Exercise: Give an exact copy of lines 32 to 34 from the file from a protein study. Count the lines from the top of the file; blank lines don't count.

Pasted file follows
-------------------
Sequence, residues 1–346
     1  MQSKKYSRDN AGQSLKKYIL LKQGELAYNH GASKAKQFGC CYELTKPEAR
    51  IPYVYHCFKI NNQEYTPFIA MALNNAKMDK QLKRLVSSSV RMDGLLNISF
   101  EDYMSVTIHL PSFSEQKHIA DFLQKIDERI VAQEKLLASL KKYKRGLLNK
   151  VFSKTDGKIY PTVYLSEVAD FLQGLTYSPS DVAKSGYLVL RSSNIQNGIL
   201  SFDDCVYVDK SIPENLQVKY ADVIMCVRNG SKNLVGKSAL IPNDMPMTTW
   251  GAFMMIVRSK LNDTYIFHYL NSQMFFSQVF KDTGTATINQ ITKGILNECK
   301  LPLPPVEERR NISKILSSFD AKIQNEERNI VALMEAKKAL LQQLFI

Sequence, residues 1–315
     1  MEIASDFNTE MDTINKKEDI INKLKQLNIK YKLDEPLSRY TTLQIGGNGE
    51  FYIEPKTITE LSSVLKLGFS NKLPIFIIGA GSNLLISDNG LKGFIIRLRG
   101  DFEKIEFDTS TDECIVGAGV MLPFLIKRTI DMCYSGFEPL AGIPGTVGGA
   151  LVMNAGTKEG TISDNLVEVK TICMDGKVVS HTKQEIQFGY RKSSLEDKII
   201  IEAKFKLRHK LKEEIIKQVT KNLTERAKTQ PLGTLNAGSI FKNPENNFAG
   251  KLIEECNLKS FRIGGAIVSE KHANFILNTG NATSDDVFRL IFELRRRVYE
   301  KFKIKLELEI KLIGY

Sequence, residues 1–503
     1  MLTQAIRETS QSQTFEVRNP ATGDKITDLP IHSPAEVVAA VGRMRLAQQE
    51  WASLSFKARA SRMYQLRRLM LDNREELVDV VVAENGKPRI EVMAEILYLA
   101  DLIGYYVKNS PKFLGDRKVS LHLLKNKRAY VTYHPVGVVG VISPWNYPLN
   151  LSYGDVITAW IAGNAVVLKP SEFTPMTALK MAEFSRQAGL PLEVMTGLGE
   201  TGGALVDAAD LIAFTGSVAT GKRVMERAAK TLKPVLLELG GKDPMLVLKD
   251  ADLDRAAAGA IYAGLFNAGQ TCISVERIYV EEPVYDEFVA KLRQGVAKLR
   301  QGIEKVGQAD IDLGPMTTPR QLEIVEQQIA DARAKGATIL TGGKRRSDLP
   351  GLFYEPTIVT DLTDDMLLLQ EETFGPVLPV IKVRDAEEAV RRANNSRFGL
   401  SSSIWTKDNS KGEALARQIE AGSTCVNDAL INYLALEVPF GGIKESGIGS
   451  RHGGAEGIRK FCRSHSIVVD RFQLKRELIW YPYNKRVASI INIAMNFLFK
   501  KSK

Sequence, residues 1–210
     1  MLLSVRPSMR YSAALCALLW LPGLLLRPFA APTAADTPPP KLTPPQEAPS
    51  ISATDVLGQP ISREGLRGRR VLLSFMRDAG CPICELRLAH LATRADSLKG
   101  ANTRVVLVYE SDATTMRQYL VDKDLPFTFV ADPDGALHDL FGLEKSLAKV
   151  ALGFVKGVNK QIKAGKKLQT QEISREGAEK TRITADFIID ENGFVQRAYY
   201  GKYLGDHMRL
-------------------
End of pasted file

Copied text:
   101  ANTRVVLVYE SDATTMRQYL VDKDLPFTFV ADPDGALHDL FGLEKSLAKV
   151  ALGFVKGVNK QIKAGKKLQT QEISREGAEK TRITADFIID ENGFVQRAYY
   201  GKYLGDHMRL